Meanwhile, India’s recovery rate has reached nearly 75% as more than 2.3 million people affected by the virus have been discharged from hospitals, according to the Health Ministry.
India has reported the third most cases in the world after the United States and Brazil, and its fatalities are the fourth-highest in the world.
The country of 1.4 billion people has been slowly opening up to heal the economy, though areas identified as most affected by the virus remain under lockdown.
SEOUL, South Korea — South Korea counted its 11th straight day of triple-digit daily jumps in coronavirus cases as officials tighten social distancing restrictions nationwide to combat what they describe as the biggest crisis since the pandemic began.
The 266 cases reported by the Korea Centers for Disease Control and Prevention Monday came after three consecutive days of over-300 increases, although infection numbers tend to be lower at the start of the week due to the lesser number of tests in weekends.
The KCDC said 202 of the new cases came from the densely populated Seoul metropolitan area, home to half of the country’s 51 million people, where health workers have struggled to track transmissions linked to various sources, including churches, restaurants, schools and workers.
Infections were also reported in major cities throughout the country, including Busan, Daejeon and Sejong.
KCDC director Jeong Eun-kyeong said it’s likely the country will continue to report huge infection numbers in coming days as health workers scramble to trace and test contacts of virus carriers.
The country since Sunday has banned larger gatherings, shut down nightspots and churches and removed fans from professional sports nationwide.
MELBOURNE, Australia — Australia’s hard-hit Victoria state on Monday recorded its lowest tally of new coronavirus cases in eight weeks with the state capital Melbourne half way through a six-week lockdown.
Victoria reported 116 new cases and 15 deaths. That is the lowest daily tall of new cases since 87 were reported on July 5. The daily count has been as high as 725 news cases in early August.
The state recorded 208 new cases on Sunday and 182 on Saturday.
Chief Health Officer Brett Sutton had predicted on Sunday that numbers could dip below 150 this week.
He added although the daily case numbers had been “jumping around,” he expected they were on a downward trajectory.
But health authorities have warned that the daily tally would need to fall to single digits or low double digits before the Melbourne lockdown was relaxed.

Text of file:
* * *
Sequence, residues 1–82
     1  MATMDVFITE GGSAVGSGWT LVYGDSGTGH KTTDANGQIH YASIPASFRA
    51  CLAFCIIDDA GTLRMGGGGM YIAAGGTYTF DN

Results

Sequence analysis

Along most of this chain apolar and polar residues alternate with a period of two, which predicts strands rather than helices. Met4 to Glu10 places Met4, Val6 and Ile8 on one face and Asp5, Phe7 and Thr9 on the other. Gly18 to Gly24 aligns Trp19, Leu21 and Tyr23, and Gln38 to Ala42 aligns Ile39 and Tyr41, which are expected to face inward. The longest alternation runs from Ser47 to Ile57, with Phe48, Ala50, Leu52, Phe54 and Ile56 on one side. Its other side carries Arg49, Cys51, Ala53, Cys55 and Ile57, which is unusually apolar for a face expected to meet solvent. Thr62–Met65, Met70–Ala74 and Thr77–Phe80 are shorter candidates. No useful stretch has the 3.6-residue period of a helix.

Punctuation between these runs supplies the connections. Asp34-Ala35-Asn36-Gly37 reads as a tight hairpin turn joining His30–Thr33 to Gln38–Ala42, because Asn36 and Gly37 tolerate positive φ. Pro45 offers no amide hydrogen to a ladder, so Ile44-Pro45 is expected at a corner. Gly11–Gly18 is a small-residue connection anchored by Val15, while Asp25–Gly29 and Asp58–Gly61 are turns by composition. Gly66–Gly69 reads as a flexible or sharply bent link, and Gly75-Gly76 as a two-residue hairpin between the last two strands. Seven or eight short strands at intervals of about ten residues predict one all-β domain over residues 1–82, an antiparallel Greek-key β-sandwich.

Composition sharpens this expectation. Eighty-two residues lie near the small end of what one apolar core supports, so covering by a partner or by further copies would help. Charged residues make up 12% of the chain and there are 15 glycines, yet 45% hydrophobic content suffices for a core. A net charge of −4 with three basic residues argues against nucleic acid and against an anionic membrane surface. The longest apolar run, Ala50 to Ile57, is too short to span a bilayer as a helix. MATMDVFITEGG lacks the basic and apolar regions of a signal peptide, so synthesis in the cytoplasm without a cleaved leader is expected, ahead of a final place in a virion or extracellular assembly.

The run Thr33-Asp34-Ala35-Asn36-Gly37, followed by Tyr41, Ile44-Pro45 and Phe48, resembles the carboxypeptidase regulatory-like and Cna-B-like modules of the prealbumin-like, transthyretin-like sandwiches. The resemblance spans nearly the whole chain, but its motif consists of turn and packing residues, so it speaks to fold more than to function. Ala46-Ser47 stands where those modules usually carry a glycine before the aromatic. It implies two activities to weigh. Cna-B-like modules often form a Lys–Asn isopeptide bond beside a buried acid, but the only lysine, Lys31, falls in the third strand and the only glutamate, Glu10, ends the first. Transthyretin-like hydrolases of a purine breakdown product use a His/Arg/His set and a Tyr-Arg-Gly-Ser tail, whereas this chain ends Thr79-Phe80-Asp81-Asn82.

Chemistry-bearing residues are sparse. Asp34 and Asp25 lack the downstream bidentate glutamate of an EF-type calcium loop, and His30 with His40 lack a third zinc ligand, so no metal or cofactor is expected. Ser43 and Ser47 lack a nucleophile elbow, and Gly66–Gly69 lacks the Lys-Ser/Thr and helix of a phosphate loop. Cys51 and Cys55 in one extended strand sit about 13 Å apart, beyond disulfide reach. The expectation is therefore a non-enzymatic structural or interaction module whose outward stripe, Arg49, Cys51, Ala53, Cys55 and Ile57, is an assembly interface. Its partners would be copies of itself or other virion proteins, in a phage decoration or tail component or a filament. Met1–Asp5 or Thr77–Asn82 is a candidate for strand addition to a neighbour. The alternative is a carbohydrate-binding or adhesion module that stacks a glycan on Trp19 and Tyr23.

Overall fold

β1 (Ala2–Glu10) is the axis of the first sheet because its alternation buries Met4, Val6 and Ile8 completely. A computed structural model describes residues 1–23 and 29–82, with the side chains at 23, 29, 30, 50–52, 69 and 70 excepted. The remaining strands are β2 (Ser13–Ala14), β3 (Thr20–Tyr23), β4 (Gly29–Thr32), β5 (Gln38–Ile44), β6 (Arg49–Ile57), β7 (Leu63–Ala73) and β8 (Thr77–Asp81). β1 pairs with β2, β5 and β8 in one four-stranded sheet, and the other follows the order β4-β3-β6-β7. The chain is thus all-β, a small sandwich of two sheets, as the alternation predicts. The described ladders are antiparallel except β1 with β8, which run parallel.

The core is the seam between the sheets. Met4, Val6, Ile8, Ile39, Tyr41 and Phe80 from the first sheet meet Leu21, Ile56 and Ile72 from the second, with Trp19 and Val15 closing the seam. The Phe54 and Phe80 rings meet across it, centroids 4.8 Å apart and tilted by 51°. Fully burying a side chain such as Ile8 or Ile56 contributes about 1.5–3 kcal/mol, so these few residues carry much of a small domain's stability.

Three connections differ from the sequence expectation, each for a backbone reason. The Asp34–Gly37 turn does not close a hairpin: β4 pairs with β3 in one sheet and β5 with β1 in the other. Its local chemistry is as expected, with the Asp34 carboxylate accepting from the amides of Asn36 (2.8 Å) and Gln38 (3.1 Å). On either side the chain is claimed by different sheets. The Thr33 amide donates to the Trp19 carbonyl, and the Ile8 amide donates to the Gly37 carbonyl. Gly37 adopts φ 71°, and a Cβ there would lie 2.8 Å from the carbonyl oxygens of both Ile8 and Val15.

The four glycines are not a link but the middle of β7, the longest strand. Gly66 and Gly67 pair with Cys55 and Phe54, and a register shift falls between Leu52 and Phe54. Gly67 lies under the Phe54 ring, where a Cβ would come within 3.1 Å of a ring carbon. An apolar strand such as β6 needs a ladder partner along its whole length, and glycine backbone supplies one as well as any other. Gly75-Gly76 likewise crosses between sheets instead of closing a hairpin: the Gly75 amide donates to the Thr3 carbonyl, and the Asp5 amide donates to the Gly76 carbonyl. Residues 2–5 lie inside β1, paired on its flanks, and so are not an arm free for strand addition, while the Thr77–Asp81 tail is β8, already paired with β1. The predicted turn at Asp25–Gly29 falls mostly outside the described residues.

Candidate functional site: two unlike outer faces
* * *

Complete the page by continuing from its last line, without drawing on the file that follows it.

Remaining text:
Francesco Vaia, health director of the National Infectious Diseases Institute at Rome’s Spallanzani Hospital, meets the media, Monday, Aug. 24, 2020. Testing on volunteers of a potential Italian candidate for a COVID-19 vaccine began on Monday at the National Infectious Diseases Institute at Rome’s Spallanzani Hospital. Ninety persons were selected out of some 7,000 who volunteered to be injected with the vaccine, known as Grad-Cov2, in Phase One. The vaccine is produced by a biotech company, ReiThera SrL, a company based near Rome. (Cecilia Fabiano/LaPresse via AP)
Credit: Cecilia Fabiano
Credit: Cecilia Fabiano
Francesco Vaia, health director of the National Infectious Diseases Institute at Rome’s Spallanzani Hospital, meets the media, in Rome, Monday, Aug. 24, 2020. Testing on volunteers of a potential Italian candidate for a COVID-19 vaccine began on Monday at the National Infectious Diseases Institute at Rome’s Spallanzani Hospital. Ninety persons were selected out of some 7,000 who volunteered to be injected with the vaccine, known as Grad-Cov2, in Phase One. The vaccine is produced by a biotech company, ReiThera SrL, a company based near Rome. (Cecilia Fabiano/LaPresse via AP)
Credit: Cecilia Fabiano
Credit: Cecilia Fabiano
A worker wearing a face mask to help curb the spread of the coronavirus cleans the seats at a basketball court in Beijing, Monday, Aug. 24, 2020. China has gone eight days without reporting a new local case of COVID-19, with the Beijing International Film Festival among public events that are returning. (AP Photo/Andy Wong)
Credit: Andy Wong
Credit: Andy Wong
President Donald Trump speaks as Health and Human Services Secretary Alex Azar listens during a media briefing in the James Brady Briefing Room of the White House, Sunday, Aug. 23, 2020, in Washington.(AP Photo/Alex Brandon)
Credit: Alex Brandon
Credit: Alex Brandon
A man and a child wearing face masks to help curb the spread of the coronavirus ride a bicycle of bike-sharing companies in Beijing, Monday, Aug. 24, 2020. China has gone eight days without reporting a new local case of COVID-19, with the Beijing International Film Festival among public events that are returning. (AP Photo/Andy Wong)
Credit: Andy Wong
Credit: Andy Wong